Saturday, January 27, 2007

Rosemary Focaccia (Page 606)

  • Date: Saturday, January 20, 2007 -- 10pm
  • Location: Somerville, MA
  • Kitchen: My Apartment
  • Dining Companion: Matty
  • Recipe Rating: A-
I picked this recipe because I love focaccia. The truth: I have a better focaccia recipe. The one we used in culinary school is definitely superior to this one. But this one was still amazing! The dough was a little too dry (I recognized this in the process of making it and added some additional water, but it was still a bit dry). The thing is, if you take homemade bread, brush it with huge quantities of olive oil and then sprinkle it generously with excellent sea salt, it's not going to be bad! This wasn't this best focaccia I have had or made in my life, but it was delicious, and I can't help but smile remembering that there are more pieces of it waiting for me in the freezer. If you've never made focaccia, you should. It's not hard and it is one of those foods that is simply awe-inspiring when eaten right out of the oven.

Like many of my better ideas, the thought of going to culinary school was born out of stillness. It was my second year in graduate school. It had been a long semester, during which my fiance and I had split, and I had taken my quals. In the wake of my qualifying exam, an eerie silence fell upon my life. I had focused so much attention preparing for that one day, that once it passed I was no longer sure what to do. There was, as always, loads of mathematics to be done. But math could only fill some of the silences. I have always been a little scared of stillness and I knew that if I sat still too long, I would have to deal with the pain of what had happened between me and my fiance. So I cooked. Every time I opened the oven door, releasing waves of chocolatey smells, I felt renewed. I cooked like an addict. Cakes, and cookies, stir fries and currys, tostadas, citrus salads, lemon orzo, lentil soup, potato leek soup, tortilla soup... soup, after soup, after soup. I cooked comfort foods. I cooked foods whose smells would overtake me. With the freezer packed with leftovers, I just kept cooking. It was as if I was charmed: nothing I made in those days turned out any less than perfect. Nothing was dry, or tough, over or undercooked, poorly seasoned. Everything was just right. Standing in the kitchen over a perfect dinner one chilly December evening, I realized that everything was always perfect because I only cooked things that I could prepare perfectly. Desperate for a push out of my comfort zone, into a world of foods unknown, I started looking in to culinary school.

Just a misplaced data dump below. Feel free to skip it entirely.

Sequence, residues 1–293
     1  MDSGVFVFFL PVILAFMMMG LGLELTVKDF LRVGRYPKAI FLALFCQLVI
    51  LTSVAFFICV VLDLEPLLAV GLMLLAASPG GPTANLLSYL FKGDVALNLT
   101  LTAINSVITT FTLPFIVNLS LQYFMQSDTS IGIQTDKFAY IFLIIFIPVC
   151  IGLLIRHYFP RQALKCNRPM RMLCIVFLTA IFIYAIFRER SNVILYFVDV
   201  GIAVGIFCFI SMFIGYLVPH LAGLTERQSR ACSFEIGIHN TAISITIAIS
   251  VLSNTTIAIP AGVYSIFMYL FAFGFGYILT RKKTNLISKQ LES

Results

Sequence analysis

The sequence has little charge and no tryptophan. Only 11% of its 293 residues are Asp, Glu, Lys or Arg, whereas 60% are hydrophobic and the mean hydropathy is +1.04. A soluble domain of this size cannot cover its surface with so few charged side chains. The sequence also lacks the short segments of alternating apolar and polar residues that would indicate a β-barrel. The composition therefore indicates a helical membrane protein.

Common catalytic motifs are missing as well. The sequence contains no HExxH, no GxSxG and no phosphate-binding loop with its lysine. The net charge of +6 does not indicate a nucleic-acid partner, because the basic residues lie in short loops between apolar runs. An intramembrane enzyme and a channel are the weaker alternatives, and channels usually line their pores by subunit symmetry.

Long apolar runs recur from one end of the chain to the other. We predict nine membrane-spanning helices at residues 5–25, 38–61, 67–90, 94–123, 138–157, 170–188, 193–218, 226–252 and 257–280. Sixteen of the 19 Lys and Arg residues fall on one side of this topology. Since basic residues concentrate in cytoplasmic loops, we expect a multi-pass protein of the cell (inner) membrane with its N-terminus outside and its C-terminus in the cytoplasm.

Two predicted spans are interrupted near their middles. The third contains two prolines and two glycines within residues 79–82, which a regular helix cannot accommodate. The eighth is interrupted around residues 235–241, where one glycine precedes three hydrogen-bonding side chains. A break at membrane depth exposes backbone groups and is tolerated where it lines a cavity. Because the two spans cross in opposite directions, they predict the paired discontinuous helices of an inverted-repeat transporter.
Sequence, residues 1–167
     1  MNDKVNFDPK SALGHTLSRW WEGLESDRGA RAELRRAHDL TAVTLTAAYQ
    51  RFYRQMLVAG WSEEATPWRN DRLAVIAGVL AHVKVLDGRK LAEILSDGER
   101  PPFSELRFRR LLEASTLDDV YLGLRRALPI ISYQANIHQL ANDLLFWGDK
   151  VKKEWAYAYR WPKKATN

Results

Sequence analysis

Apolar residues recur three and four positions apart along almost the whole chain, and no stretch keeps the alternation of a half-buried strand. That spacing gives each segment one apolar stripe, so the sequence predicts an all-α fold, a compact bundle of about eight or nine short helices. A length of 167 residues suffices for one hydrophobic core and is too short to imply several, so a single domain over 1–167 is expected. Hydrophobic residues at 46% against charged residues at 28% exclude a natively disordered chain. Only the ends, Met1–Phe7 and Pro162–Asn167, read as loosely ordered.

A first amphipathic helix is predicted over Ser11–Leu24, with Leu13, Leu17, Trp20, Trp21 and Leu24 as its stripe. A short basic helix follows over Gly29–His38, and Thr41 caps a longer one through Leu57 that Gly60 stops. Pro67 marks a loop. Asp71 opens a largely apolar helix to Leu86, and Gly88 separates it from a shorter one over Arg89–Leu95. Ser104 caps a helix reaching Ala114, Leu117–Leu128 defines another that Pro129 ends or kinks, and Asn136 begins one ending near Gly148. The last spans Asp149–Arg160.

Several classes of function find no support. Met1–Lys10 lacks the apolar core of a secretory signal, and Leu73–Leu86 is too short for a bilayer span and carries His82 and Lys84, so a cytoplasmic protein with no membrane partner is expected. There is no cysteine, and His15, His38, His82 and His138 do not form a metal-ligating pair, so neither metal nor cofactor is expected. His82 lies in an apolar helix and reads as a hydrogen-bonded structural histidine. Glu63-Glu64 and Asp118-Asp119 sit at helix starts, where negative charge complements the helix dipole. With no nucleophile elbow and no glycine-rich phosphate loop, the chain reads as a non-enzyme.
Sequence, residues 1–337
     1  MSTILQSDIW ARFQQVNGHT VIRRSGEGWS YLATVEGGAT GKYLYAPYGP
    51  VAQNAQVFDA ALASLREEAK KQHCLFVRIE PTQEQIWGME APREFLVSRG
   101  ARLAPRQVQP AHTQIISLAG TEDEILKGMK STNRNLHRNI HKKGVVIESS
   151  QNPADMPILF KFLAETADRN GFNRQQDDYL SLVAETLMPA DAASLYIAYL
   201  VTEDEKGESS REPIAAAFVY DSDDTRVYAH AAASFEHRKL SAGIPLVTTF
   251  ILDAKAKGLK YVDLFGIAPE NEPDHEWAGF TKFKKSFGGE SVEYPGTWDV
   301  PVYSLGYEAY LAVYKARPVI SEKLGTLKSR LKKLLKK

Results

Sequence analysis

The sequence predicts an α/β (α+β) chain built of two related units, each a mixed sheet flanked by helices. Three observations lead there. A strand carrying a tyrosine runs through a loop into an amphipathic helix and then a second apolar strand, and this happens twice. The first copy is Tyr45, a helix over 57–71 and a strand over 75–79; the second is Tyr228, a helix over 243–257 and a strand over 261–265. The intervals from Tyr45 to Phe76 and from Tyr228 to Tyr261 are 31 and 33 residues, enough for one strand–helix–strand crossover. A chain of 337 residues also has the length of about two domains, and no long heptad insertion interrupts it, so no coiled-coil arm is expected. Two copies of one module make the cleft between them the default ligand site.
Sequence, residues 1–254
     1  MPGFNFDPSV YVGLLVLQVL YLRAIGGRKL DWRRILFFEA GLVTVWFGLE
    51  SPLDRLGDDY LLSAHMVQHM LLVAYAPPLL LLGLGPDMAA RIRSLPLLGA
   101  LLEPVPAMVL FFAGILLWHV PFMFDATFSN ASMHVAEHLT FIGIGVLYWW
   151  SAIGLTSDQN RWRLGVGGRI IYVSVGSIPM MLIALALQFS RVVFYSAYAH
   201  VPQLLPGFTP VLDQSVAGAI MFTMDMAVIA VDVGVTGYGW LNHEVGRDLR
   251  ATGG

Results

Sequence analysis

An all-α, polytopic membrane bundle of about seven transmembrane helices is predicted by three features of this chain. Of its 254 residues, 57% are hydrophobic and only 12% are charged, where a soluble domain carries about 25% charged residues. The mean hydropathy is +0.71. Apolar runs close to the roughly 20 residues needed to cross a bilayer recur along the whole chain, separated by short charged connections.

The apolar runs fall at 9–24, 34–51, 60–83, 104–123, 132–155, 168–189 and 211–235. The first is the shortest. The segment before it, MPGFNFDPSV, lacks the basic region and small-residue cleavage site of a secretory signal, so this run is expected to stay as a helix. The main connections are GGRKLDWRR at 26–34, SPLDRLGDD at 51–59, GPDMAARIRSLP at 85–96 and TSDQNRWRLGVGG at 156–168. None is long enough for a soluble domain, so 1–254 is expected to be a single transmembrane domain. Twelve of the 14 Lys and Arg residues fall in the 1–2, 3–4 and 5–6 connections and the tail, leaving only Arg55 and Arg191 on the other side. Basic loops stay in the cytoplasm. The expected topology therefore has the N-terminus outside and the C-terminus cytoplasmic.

6 comments:

Mike Hill said...

And what a wonderful idea it was! I know that we have all benefited not only from the amazing food you prepare but also from your expertise and willingness to share it with us!

The phrase "born out of stillness" is really beautiful, by the way. I like it a lot.

Teena said...

Thanks for the support! I miss having you around to cook for. You always had interesting commentary on the food!

Mike Hill said...

I miss cooking with you too. It'll be weird not having a Teena made b-day cake this year (though I might be in Boston near then...)

Teena said...

If you let me know when you are going to be in town I will *consider* making you a birthday cake :)

Mike Hill said...

Next Friday morning??

Teena said...

You are only going to be in town on Friday morning? Huh?